*Content warning for discussions of sexual assault and abuse
One of my favorite movies is Stanley Kramer’s Inherit The Wind. I’m not going to get into what the movie is about or why it’s my favorite because that’s not what I want to talk about. No, what I want to talk about is a line from the movie. A line that has stuck with me since the first time I saw the movie.
“Progress isn’t a bargain, you have to pay for it.”
As some of you may know, Emma Thompson recently quit her latest movie Lucky because the animation studio Skydance had hired John Lassiter. She has also recently published an open letter explaining her reasons and feelings behind her leaving and his hiring. Miss Thompson understands the price of progress.
We live not in a post #MeToo era but smack in the middle of it. #MeToo is not just about women though. It’s about how we have upheld a system that not only allows, but enables, fosters, and protects abusers who abuse women, men, and children. It is an all-encompassing movement hellbent on doing the unthinkable: demanding people be treated with dignity and respect. And, you know, the stunningly audacious belief that going to work does not mean submitting your body or psyche to lecherous or abusive bosses.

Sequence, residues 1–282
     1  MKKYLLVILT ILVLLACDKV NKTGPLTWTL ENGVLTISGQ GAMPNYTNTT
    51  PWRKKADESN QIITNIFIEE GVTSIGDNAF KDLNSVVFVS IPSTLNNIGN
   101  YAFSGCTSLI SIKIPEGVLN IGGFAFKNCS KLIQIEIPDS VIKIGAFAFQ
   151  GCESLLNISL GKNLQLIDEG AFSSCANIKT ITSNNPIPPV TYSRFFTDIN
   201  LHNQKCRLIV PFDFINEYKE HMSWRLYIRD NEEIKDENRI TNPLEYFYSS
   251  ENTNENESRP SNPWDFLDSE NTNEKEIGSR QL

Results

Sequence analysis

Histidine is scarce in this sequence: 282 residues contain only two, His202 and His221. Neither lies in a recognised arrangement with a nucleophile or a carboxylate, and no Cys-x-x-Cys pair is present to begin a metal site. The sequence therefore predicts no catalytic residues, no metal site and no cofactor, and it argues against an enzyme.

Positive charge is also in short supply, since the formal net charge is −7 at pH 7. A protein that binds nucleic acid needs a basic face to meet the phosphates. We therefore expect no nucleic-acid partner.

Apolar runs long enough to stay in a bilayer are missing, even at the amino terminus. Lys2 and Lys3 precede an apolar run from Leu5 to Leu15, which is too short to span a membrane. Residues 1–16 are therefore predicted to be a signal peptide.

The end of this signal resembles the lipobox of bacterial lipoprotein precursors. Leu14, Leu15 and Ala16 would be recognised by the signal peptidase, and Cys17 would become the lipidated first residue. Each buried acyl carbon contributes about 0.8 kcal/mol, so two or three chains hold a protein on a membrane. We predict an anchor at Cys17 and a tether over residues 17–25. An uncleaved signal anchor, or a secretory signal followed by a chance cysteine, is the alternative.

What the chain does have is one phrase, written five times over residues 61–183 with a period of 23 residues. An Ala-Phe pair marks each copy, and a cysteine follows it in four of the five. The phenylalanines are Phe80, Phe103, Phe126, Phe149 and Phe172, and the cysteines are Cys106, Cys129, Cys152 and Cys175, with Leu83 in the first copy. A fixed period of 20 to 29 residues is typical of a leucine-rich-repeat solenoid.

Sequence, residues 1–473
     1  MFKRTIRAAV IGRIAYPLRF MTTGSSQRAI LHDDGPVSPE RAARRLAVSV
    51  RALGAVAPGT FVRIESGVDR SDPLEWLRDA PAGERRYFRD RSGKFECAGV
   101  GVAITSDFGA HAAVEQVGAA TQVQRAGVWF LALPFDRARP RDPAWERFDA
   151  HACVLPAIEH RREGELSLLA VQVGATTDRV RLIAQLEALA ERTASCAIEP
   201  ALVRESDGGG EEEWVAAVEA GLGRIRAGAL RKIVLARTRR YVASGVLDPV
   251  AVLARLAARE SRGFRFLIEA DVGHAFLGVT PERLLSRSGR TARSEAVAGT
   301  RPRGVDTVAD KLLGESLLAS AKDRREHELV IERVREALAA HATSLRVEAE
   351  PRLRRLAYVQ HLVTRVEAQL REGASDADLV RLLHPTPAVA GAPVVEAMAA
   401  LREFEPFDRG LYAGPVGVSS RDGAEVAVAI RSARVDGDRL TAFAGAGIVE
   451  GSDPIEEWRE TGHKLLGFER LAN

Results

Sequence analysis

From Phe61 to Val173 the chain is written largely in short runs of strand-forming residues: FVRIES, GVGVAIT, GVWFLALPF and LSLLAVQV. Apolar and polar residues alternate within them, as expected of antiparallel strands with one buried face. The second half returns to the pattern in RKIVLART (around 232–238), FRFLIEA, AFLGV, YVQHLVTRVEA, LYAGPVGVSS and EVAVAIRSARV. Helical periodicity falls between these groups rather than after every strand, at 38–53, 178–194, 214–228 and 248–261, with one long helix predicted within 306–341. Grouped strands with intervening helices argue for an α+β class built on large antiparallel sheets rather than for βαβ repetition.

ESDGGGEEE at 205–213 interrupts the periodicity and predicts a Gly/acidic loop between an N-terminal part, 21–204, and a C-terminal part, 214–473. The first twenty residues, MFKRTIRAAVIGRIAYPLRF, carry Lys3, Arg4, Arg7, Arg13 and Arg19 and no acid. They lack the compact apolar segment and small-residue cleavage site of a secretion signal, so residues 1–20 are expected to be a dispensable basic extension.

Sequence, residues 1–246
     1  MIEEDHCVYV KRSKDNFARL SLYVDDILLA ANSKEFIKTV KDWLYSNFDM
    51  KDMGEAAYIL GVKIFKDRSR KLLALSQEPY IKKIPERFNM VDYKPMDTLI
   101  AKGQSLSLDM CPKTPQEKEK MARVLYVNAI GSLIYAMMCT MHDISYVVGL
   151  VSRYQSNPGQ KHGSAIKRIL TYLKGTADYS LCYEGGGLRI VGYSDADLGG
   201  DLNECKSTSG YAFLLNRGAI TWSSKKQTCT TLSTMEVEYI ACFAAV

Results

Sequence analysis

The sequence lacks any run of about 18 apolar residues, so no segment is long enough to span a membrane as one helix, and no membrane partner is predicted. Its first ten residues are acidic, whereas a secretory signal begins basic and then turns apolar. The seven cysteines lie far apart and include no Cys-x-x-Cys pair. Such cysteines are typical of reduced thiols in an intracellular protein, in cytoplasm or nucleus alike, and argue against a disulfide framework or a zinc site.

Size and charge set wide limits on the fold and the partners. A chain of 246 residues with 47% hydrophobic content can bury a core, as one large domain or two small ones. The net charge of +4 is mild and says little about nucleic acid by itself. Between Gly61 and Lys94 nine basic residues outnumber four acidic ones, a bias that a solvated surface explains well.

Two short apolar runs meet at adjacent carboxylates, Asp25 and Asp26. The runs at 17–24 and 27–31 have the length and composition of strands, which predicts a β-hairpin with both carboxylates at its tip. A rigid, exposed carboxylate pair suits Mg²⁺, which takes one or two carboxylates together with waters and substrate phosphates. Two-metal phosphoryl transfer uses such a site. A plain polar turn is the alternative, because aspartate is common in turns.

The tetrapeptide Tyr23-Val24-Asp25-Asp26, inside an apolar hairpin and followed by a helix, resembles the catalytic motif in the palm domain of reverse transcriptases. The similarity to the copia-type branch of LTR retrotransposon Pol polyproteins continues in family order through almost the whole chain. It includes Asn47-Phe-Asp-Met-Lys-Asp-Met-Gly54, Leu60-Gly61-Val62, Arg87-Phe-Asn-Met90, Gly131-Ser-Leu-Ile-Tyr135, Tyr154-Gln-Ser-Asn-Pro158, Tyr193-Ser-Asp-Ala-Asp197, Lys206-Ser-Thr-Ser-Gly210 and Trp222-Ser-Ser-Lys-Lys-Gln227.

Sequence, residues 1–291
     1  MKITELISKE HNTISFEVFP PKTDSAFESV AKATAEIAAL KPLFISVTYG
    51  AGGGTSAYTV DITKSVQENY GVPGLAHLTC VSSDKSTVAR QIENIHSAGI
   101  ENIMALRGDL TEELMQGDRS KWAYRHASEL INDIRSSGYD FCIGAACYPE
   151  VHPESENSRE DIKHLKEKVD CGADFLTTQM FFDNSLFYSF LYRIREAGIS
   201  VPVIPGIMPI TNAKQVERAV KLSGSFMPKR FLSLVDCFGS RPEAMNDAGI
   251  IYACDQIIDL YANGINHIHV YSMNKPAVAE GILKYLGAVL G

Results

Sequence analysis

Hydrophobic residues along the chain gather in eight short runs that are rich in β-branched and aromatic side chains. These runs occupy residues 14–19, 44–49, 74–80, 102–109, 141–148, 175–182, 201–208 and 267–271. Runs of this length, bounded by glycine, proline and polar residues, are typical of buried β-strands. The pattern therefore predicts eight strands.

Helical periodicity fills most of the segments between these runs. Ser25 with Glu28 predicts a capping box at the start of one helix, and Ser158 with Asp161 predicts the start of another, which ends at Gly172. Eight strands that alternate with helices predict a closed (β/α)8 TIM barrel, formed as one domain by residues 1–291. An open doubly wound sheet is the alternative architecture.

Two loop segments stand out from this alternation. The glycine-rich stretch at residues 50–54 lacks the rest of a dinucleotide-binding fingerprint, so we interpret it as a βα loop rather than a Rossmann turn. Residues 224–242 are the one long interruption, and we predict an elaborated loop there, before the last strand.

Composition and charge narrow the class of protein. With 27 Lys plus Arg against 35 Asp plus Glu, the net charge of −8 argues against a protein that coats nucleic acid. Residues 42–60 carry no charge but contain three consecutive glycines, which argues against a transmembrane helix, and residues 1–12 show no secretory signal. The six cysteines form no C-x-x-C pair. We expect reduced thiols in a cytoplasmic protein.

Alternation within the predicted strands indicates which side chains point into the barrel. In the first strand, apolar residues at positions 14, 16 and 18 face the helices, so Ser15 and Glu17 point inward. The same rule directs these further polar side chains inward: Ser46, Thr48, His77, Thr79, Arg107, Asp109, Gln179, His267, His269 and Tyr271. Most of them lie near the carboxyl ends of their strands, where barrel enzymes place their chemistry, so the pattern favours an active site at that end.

Yet, looking around I see a pittance of change. Not in them, but in us. Bohemian Rhapsody has made some two hundred million dollars domestically and shows no signs of stopping. It has come out on DVD and yet it is still in theaters. Why? Because we still go see it. Bohemian Rhapsody is a film born and released into a repulsive, salacious scandal. Bryan Singer is accused of sexual assault against minors.
X-Men: Days of Future Past had the same drama. It made a paltry two hundred million dollars domestically as well. I remember fondly a pretty famous YouTube movie news show even had a round table discussion about it. They sat around a table and essentially said, “It doesn’t matter” and worse, blamed the survivor for coming forward at all. But we should grant them some measure of mercy, after all, this was pre-#MeToo.
Rami Malek now holds an Oscar, and it’s telling that among all the people he thanked, Bryan Singer, is not among them. However, we are still seeing Bohemian Rhapsody, and Bryan Singer is still getting, at the very least, forty million dollars. Now we could argue that this means nothing and that Singer’s next project Red Sonja has been “canceled,” as the kids would say.
Except it hasn’t. It’s been put on hold. It’s been put on hold until this whole fiasco blows over. Again. You see Hollywood is a cynical town and they bank, wisely and repeatedly, on the moral apathy of the movie-going audience.